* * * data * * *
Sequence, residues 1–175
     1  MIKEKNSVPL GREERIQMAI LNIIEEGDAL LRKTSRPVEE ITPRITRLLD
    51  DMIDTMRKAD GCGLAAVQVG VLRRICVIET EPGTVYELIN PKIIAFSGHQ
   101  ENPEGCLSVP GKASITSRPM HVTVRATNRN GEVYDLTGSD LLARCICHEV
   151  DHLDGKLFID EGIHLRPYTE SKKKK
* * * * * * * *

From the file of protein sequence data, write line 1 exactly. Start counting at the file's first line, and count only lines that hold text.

Sequence, residues 1–175